If London's famous Big Ben wants to keep ticking like clockwork, it will have to undergo "urgent"—and expensive—repairs, a new report reveals.
To keep Parliament's iconic Elizabeth tower—Big Ben is actually the name of the bell that rings the hours—in operation, taxpayers may have to fork out up to £40 million ($61.9 million) to repair the clock's hands, pendulum, mechanism and tower, according to a report seen by Sunday Times and The Mail on Sunday.
In the report presented to the cross-party Commons Finance Committee, the authors suggested a complete refurbishment would cost an estimated £29.2 million, however, if the problems aren't fixed altogether, the cost could amount to £40 million.
Officials acknowledged that it could cost as little as £4.9 million "to prevent the clock from failing", but encouraged that if the issues are tackled now, the likelihood of it costing as much as £40 million would be reduced. A full £29m fix would see the clock stopped for four months, but could be longer if the situation is not sorted soon.
"There are major concerns that if this is not carried out within the next two to three years, the clock mechanism is at risk of failure with the huge risk of international reputational damage for Parliament."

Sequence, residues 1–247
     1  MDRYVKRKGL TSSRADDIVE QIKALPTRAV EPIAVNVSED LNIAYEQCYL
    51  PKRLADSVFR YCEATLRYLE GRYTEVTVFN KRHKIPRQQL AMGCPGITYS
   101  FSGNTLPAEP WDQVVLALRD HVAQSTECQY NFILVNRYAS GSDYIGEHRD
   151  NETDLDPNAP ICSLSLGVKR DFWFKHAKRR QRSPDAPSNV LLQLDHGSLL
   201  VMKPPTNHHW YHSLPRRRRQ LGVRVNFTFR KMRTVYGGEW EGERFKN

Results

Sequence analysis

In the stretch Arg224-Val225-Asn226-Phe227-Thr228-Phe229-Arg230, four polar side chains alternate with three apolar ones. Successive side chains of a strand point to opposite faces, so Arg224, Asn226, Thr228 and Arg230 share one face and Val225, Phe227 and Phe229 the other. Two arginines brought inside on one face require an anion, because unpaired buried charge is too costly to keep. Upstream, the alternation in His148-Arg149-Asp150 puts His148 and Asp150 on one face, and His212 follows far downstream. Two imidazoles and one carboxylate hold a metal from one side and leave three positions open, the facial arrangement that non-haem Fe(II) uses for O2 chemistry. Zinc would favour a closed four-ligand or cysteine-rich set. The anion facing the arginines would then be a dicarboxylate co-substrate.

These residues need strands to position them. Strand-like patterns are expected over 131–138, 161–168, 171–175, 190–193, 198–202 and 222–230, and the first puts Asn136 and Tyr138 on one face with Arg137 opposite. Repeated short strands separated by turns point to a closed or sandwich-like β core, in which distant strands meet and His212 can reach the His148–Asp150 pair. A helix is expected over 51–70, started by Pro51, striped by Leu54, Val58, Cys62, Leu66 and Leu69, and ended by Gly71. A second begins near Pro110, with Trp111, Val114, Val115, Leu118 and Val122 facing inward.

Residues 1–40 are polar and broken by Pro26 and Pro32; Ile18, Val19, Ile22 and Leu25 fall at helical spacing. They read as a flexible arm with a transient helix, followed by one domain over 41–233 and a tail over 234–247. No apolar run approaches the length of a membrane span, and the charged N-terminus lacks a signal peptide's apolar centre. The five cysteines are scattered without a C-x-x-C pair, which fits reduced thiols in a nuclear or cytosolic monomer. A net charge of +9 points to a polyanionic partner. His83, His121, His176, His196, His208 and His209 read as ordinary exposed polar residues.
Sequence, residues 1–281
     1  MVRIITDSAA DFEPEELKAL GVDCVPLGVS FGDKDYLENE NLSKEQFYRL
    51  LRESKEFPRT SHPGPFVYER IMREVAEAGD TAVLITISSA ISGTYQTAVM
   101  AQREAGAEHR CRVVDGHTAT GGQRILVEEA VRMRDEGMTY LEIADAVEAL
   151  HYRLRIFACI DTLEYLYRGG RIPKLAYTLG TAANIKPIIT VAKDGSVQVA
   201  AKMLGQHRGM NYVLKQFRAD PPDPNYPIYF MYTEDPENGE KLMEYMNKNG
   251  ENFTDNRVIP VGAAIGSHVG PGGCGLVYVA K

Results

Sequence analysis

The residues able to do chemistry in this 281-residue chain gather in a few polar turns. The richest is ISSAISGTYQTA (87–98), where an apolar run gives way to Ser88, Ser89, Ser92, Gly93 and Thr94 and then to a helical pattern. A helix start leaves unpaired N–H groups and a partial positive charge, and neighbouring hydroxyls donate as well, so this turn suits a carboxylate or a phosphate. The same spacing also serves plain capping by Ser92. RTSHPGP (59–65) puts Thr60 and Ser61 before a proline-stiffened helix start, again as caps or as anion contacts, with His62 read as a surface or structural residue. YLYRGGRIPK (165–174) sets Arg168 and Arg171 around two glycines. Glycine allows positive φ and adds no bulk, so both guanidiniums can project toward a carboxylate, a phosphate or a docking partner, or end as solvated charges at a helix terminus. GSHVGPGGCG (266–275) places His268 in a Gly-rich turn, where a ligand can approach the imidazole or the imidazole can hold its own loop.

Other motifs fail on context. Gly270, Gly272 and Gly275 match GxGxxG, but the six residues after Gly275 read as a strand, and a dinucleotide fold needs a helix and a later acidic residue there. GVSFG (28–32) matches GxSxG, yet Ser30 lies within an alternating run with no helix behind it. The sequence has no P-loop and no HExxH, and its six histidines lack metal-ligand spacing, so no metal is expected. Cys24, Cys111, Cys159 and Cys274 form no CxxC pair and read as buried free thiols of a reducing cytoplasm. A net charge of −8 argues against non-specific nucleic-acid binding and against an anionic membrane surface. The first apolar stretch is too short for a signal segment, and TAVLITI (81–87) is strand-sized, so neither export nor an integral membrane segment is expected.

"In the event of a clock-hand failure, it could take up to a year to repair due to the scaffolding needed," the report said.
With Big Ben making its first chime in 1859, this isn't the first time concerns have been raised over the building's wellbeing. In 1976, the Great Clock suffered a mechanical failure which led to repairs taking place across nine months.
As recent as August 2015, Big Ben was branded as "temperamental" after its chimes became out-of-sync by up to six seconds, and in 2007 the bells were silenced for seven weeks, to undergo key maintenance.
British taxpayers are already facing a multibillion-pound bill for restoring the Palace of Westminster, depending on when and how long the refurbishment takes.
Parliament released a statement revealing that a "feasibility study and survey work" had been carried out on Elizabeth Tower and the survey identified damage to the tower, including "cracks in (the) masonry, water ingress and erosion." The study is currently under review.
"Committees of both Houses are currently considering the study and will provide advice to inform the business case for how best to proceed," a parliamentary spokesperson said in a statement.
"No decisions on works, timescales or costs have been agreed."
—By CNBC's Alexandra Gibbs, follow her on Twitter